Following the 2-on-1 (oddly enough that started off of an Ericsson giveaway in the offensive zone), Ericsson retrieves the puck. He takes not one, not two, but THREE looks up ice. When I freeze frame the breakout, count the guys in white.

Yep, that's all five white jerseys in the defensive zone and just one Kings player who's 15 feet away from the puck. Instead of looking to start the rush, Ericsson again attempts to chip the puck up the boards on his backhand. Take note of both the score and the time remaining. There is 5:17 remaining in the 3rd, down 3-2 and this lack of awareness results in the loss of an offensive rush opportunity. What makes this play even worse is that his initial clearing attempt fails and when he gets the puck back, he makes the exact same play!

I included this one for the comedy of errors. Ericsson makes three attempts at a breakout pass and all fail. The first, he hits the Devils forechecker, the second he throws too hot in the feet of Tomas Tatar, and the third he just caroms it around the boards hoping to clear the puck. It squelches the Red Wings' offense and makes it very difficult for the team to generate shot attempts.

Ericsson In The Offensive Zone

One of the ways we can evaluate a player is how they perform relative to their expectations. Steve Burtch has developed a statistic called "dCorsi", a metric that evaluates a player's observed performance vs. their expected performance based on a series of variables. While the statistic has its limitations, we can still use it in the context of our other metrics. When it comes to Ericsson's expected Corsi For/60 vs. his observed Corsi For/60, Ericsson has a dCorsiFor Impact of -45.2, which ranks 256th out of 260 eligible defensemen this season.

Defenseman dCF Impact dCA Impact dCorsiImpact
Ericsson -45.20 37.92 -83.12
Kronwall -25.70 4.68 -30.37
DeKeyser -25.37 28.06 -53.43
Green 1.59 -13.54 15.12
Marchenko 24.16 -21.15 45.31
Smith 42.23 -24.54 66.77

Data from War-On-Ice

As you can see, Marchenko and Smith have been the most impactful players relative to their expectations while Ericsson has by far been the least impactful. When it comes to impacting plays in the offensive zone, defensemen have a variety of ways to impact the game. Timely pinches, successful attempts to join the rush, and the ability to get their shots through to the net are all admired skills of the NHL's top defensemen. Reviewing the tape on Ericsson seems to suggest that he struggles with when to pinch vs. when not to pinch and as a result, this can sometimes derail an offensive play. Check out how an untimely pinch derails this offensive play.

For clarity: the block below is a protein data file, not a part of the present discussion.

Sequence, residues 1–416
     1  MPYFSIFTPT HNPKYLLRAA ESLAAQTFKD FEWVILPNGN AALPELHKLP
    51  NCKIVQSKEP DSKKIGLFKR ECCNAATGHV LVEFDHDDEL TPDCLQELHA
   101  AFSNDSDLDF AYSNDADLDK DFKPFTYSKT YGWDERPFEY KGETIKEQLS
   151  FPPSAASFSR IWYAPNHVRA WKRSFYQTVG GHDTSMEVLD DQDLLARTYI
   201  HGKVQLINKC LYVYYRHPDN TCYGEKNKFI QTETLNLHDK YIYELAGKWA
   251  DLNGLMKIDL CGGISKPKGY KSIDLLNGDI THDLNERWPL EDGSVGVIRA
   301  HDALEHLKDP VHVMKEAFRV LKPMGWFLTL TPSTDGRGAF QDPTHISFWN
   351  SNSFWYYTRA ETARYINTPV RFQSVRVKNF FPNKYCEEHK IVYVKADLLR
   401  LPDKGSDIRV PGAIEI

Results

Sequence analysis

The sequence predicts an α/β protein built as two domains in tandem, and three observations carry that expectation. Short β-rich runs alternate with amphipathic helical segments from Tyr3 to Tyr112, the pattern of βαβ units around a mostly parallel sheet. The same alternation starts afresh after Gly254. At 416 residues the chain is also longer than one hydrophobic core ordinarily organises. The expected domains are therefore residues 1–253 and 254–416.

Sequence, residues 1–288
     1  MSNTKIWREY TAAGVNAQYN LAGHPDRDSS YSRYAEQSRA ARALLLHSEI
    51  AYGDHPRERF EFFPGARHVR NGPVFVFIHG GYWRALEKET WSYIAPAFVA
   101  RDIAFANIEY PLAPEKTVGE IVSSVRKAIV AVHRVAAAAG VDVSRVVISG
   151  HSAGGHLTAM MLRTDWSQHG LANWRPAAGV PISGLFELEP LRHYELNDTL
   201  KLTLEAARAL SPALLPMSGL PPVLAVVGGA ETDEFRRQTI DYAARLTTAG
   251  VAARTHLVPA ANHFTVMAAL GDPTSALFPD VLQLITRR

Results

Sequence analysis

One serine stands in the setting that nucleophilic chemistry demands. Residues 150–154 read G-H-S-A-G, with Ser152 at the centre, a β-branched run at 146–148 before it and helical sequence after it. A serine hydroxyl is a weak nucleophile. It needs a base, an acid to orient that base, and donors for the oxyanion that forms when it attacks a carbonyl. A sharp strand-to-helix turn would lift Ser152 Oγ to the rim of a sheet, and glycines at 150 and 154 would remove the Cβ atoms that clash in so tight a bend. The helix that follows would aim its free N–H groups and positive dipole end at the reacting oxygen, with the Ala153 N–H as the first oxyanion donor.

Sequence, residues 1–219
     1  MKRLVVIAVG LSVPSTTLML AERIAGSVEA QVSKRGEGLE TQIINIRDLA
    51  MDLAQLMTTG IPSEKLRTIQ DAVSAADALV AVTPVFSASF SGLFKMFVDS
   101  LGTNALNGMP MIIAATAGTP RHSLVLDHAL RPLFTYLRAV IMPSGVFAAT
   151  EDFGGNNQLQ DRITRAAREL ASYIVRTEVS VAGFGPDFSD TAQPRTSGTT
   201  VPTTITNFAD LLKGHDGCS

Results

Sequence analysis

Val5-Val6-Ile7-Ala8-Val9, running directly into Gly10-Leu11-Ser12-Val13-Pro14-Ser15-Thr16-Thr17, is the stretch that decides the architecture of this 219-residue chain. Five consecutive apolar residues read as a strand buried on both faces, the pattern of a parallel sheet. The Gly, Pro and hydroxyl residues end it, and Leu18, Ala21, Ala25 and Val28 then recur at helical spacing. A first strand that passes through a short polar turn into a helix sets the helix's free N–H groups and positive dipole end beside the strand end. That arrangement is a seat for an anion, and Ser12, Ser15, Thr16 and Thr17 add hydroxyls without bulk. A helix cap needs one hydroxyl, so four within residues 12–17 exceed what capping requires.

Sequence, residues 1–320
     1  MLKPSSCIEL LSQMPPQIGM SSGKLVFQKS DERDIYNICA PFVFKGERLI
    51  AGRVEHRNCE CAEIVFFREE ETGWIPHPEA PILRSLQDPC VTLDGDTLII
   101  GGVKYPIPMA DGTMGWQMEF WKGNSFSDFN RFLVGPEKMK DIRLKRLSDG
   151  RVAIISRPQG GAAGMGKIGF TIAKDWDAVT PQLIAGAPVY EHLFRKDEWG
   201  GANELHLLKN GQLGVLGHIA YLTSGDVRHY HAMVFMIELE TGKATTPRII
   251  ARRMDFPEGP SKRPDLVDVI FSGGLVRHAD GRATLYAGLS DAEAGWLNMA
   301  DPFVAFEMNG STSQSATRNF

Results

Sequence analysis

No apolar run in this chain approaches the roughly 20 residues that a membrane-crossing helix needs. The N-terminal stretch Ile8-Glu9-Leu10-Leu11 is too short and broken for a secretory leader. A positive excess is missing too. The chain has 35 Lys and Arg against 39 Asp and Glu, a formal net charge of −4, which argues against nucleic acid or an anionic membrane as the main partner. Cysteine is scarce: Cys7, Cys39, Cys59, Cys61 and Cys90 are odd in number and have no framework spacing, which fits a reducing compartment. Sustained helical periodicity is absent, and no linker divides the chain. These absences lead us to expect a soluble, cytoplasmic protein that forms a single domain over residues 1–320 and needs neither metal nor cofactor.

As Ericsson pinches down, he actually ends up in the way of Henrik Zetterberg, preventing Zetterberg from making much of anything happen. There's not really much of a reason for Ericsson to pinch down here as he starts pinching well before Zetterberg comes out from behind the net. Here's another example of a poor pinch:

Ericsson's poor pinch here results in Alex Ovechkin and T.J. Oshie having a 2-on-1. The reason the pinch is bad is because when Ericsson drops low, the puck hasn't even gotten to him. He's not physically engaged with any Washington forward and Ovechkin is able to cleanly pull away from Ericsson after he fails to keep the puck in. Additionally, and more importantly, all three Detroit forwards are below Ericsson, meaning that no one is covering up for Ericsson at his point. Thankfully for Ericsson, Larkin was able to stay with Ovechkin to prevent too dangerous of a chance, but the last thing you want to do is give the best goal scorer of this generation a rush chance.

Overall, I've shown you how Ericsson's poor breakout passes affect his Corsi For, Corsi Against, and his 5v5 Primary Passes Leading to Shot Attempts. I've shown you a few examples of how his poor pinches fail to sustain the Red Wings offense, resulting in Ericsson having the smallest impact on Detroit's offense. I don't mean to be harsh, but as Ericsson has aged, he's dropped off dramatically. The thing is, Ericsson wasn't always viewed this poorly from an advanced stats perspective. Check out his HERO chart from 2009-2012 which shows his impact on offense and defense.

Even his dCorsiImpact in 2010-2011 was 81.65, 2nd best on the team behind only Brian Rafalski and 31st out of 337 eligible defensemen. The problem is, this is what Ericsson looks like now:

Here's the real kicker - I think Blashill knows this too. Looking back at Monday's game vs. Los Angeles, Ericsson's last shift in the 3rd period ended with 4:45 remaining. Kronwall still went on for three more shifts with either Smith or Green. Blashill has stated that the decision to sit Marchenko will be evaluated on a game-by-game basis as he wants to use the lineup that gives them the best chance to win. If Blashill is truly committed to icing the lineup best prepared to win, it doesn't appear as if Ericsson should be a part of that anymore.

Who should be the Red Wings healthy scratch with all defensemen healthy?

Niklas Kronwall81
Jonathan Ericsson1181
Brendan Smith104
Alexey Marchenko18
Kyle Quincey32
Mike Green14
Danny DeKeyser3